That’s in contrast to daily case counts, which are becoming much less reliable, scientists say.

The accelerated contagiousness of the omicron variant laid bare the mistake of relying on case counts to reflect current conditions. A massive backlog of processing tests at the Maine CDC has led to a lag of days or weeks in reporting out confirmed cases. Other shortfalls skew the ability to reflect trends, including a lack of access to testing and the proliferation of at-home tests, which are generally not included in the counts reported by the state.


Yarmouth pioneered wastewater testing for COVID in Maine. The science was identified as a priority of the Yarmouth Community Coronavirus Task Force in the early days of the pandemic


Founded in part by husband and wife epidemiologists, Dr. Gib Parrish and Dr. Sharon McDonnell, the community task force noticed the potential for wastewater testing even before the first COVID-19 case was detected in Maine in March 2020.

McDonnell, who also works at the Maine Department of Health and Human Services in the COVID-19 social supports program, said it all started in 2020 with the premise that they wanted to be as prepared as possible to deal with the looming crisis. More than 100 people pitched in, and Yarmouth has maintained one of the most comprehensive COVID-19 response efforts in the state.

“We had an astonishing amount of initiative and willingness,” McDonnell said. “I think doing something really helps people get through this and to not feel helpless.”

Yarmouth, a coastal community of 9,000 residents north of Portland, came together to respond to COVID-19 in a number of ways, from  sewing handmade cloth masks when masks were in short supply to counting the number of people wearing masks at certain locations to track how well the community was complying public health advice. They also started a quarantine support group to help people get through isolation and quarantine, such as by picking up groceries for people at high risk of infection and illness.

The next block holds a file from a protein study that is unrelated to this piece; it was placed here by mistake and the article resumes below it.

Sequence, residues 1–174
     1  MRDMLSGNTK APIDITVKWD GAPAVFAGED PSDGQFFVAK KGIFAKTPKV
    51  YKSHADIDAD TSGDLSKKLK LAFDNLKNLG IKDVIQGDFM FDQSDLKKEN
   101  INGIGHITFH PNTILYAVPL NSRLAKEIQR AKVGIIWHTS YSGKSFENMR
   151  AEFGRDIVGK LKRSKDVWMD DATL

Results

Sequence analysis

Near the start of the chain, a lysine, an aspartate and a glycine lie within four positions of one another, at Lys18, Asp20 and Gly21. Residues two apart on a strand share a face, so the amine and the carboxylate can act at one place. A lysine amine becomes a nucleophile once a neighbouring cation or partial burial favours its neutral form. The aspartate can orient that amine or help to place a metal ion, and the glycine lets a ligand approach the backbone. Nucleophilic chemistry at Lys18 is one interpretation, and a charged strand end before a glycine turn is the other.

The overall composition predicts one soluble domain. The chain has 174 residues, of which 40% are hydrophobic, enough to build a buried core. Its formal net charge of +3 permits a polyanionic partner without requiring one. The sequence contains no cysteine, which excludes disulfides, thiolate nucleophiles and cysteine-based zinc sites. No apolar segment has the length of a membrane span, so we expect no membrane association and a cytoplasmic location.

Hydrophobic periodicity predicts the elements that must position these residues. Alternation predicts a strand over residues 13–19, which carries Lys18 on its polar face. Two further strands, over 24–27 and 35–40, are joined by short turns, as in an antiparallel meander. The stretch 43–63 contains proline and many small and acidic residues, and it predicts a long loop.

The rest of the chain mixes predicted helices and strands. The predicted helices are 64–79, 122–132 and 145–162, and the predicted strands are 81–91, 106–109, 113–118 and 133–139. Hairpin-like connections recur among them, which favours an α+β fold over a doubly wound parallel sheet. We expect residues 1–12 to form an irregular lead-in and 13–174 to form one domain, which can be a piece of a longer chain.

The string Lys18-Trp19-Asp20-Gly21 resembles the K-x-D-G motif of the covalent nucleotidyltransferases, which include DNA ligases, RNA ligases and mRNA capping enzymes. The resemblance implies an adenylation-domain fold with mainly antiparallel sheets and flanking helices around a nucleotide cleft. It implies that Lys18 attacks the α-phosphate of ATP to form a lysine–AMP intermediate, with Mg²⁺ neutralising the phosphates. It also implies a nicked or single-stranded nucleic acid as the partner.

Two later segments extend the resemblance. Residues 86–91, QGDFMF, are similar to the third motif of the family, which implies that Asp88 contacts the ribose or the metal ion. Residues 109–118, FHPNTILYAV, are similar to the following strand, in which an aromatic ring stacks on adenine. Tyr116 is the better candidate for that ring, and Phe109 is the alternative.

Dr. Gib Parrish, who along with his wife, Dr. Sharon McConnell, both epidemiologists, helped found the Yarmouth Community Coronavirus Task Force, transports wastewater intended for testing. Shawn Patrick Ouellette/Staff Photographer

But one of the central strategies of COVID-19 response is knowing how prevalent the virus is in your town, and that’s where the wastewater testing came in.

“We have felt from the beginning that wastewater data is more consistent, gives us a better sense of what’s going on in town,” said Dan Ostrye, an environmental scientist who has also been working with the Yarmouth committee since 2020. “Our data is most contemporary.”


The first step is collecting the raw wastewater from household sewage flowing to a small brick building at the treatment facility, which serves a total population of about 10,000. The sampling site collects 150 milliliters of wastewater – about 5 ounces – for every 25,000 gallons coming in.

Water is siphoned 150 milliliters at a time over a 24-hour period and combined in a one-liter bottle stored in a refrigerator at the treatment plant. From there, Parrish picks up the bottle on Tuesday mornings every week and drives it to St. Joseph’s College in Standish.

At Mercy Hall at St. Joseph’s, Dr. Yolanda Brooks takes the sample Parrish dropped off and it goes through a series of processes before tests can determine what levels of virus are in the wastewater.

Brooks said the wastewater data captures samples from all types of infected people, who shed the virus in their feces.

Workers scramble to provide COVID-19 tests at Yarmouth Public Works last week. There isn’t enough testing on a statewide basis to gauge the omicron variant’s spread into different communities. Shawn Patrick Ouellette/Staff Photographer

“This is finding people who are symptomatic as well as asymptomatic, people who are tested and not tested. It’s not dependent on whether people are seeking care,” said Brooks, assistant professor of biology at St. Joseph’s.